Court name
Court of Appeal of Tanzania

Anderson Solomon vs Republic () [1994] TZCA 3 (14 February 1994);

Law report citations
1994 TLR 119 (TZCA)
Media neutral citation
[1994] TZCA 3

D Lubuva, JA, delivered the following considered judgment of the court:
Before the District Court of Ilala at Kisutu, the appellant was charged with the offence of stealing by agent contrary to s 273 of the Penal Code. E
From the record, after the case was mentioned in Court on five different dates, it was finally set for hearing on 28 July 1992. This was in spite of the appellant's request for an adjournment in order to enable him to attend a funeral. From 28 July 1992, the hearing of the case started and the prosecution had closed its case. F
The appellant had been addressed in terms of the law regarding his rights in defence of his case. The matter rested there before the District Court.
G On the other hand, the appellant had made an application to the presiding Resident Magistrate Ruhangiza to have the case transferred to another magistrate. The reason advanced for the application to transfer the case was that following on the magistrate's refusal to grant an adjournment, the appellant was apprehensive that the case would not be decided fairly by that magistrate. Dissatisfied with the decision of the presiding magistrate not to transfer the case, H the appellant filed an application before the High Court (Bahati, J). The application was not granted and it was ordered the trial to proceed before the same magistrate. Still dissatisfied with that decision of the High Court, he has now appealed to this Court.
Arguing the appeal before us, the appellant said that it was wrong for the learned judge to refuse his application. He explained that he I

had applied for the transfer of the case to another magistrate for two reasons: A First, the date when the case was heard was initially set for mention. That day he asked for an adjournment but was refused. Secondly, when the case was set for hearing, he asked for time to prepare himself, this was again turned down by the learned magistrate. For this reason, he claimed, he was convinced that justice B would not be done to him in the case by that magistrate. He therefore thought he had a right of appeal against the decision of the High Court refusing to grant his application.
Mr Senguji, learned State Attorney who appeared for the Republic, respondent in a brief address firmly opposed the appeal. He argued that in the first place, this C matter was wrongly entertained by the High Court. He submitted that as this matter arose from an interlocutory order in a criminal case it is not appealable. He referred to the decision of this Court in the case of Alois Kula and Leyandoi Lekoisa v Republic(1). In that case, Mr Senguji submitted that this Court dismissed the appeal whose facts were similar to the instant case on grounds of incompetence. D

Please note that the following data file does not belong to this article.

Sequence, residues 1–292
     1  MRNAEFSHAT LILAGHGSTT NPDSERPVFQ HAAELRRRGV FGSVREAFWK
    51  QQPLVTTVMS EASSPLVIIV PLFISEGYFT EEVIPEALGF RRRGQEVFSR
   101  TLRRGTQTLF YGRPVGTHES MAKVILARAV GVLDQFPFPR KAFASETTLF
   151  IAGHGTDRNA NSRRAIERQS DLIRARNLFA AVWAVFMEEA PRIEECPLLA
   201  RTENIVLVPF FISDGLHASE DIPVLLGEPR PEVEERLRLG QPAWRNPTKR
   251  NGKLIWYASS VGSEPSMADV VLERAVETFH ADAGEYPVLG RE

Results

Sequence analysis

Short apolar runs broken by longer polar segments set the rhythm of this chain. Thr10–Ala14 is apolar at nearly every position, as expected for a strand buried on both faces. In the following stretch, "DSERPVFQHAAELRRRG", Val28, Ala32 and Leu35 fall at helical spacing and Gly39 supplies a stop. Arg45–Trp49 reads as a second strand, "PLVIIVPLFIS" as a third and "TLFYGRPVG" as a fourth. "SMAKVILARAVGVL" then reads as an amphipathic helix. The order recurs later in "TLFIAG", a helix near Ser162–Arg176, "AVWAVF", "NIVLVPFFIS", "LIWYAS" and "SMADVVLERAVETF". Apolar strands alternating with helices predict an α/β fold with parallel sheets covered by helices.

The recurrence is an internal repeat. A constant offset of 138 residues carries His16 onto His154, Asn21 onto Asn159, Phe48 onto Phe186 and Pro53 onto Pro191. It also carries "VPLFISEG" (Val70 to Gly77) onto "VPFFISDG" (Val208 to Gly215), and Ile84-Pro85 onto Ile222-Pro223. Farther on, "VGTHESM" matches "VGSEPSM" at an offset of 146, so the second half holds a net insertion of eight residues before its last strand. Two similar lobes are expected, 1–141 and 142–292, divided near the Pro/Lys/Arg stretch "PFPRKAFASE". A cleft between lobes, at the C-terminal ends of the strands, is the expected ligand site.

We respectfully agree with the submission of Mr Senguji, learned State Attorney. It is settled law that an appeal does not lie from interlocutory order in criminal cases. That this is the legal position on this matter is evident from the numerous cases E decided by the then Court of Appeal for Eastern Africa and this Court on this point. Among other cases, the Court of Appeal for Eastern Africa in dealing with the case of Uganda v Lule (2) EA 362 held:
`There is no appeal from orders of the High Court incidental to a criminal appeal but not involving the decision of appeal'. F
And more recently, in the cited case of Alois Kula and Leyandoi Lekoisa (1) No 121 of 1991 (unreported) we held that no appeal lies from an interlocutory order in a criminal case. G
In the case before us, which arose from somewhat similar circumstances, we think with respect, the learned judge heard the application in error. The application should have been rejected with direction to the District Court to continue with the case. In the event of the case ending up with the appellant's (accused) conviction, he (appellant) would be at liberty to appeal against the conviction. In the appeal, it would be open for the appellant to include among other grounds the complaint H against the magistrate's refusal to transfer the case. In dealing with the appeal, the issue of impartiality which the appellant is canvassing before us would be considered accordingly. I

A This being the position of the law on interlocutory orders in criminal cases, there is no legal basis upon which this appeal could be entertained. In the result, the appeal being incompetent, it is dismissed in its entirety. It is further ordered that the case be remitted to the District Court with direction to continue with the B proceedings. The appellant would be at liberty to appeal to the High Court if he should be found guilty of the offence with which he is now charged. In that appeal, the appellant may wish to include his complaint against the magistrate's refusal to transfer the case among other grounds of appeal. C

E
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